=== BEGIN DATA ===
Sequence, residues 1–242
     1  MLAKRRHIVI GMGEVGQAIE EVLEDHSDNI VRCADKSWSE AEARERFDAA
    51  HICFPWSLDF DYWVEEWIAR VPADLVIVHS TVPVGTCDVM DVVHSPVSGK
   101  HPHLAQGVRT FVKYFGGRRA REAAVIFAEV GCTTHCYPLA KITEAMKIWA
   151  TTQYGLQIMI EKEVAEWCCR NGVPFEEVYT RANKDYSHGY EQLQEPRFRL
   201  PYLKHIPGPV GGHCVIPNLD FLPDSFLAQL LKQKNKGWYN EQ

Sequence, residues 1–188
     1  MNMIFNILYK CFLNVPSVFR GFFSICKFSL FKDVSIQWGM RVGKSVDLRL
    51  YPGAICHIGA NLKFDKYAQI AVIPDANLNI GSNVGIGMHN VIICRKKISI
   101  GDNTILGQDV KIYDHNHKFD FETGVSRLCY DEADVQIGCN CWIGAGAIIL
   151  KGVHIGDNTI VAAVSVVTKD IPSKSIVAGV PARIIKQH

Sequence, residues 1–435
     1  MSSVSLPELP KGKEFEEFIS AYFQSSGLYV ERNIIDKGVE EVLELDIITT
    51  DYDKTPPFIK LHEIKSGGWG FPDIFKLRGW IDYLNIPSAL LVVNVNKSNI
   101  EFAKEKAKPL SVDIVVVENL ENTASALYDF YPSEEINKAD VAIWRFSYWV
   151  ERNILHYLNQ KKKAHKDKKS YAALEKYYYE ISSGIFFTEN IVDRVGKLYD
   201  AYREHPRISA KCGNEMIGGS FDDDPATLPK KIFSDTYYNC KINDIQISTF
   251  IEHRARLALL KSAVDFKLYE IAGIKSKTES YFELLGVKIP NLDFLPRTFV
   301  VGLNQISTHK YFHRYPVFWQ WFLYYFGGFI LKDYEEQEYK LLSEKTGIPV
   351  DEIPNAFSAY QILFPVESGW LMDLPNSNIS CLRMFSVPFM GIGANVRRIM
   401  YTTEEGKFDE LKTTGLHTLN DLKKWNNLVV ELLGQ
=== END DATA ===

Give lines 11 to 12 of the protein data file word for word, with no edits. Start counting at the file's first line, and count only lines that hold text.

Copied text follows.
   151  KGVHIGDNTI VAAVSVVTKD IPSKSIVAGV PARIIKQH

Sequence, residues 1–435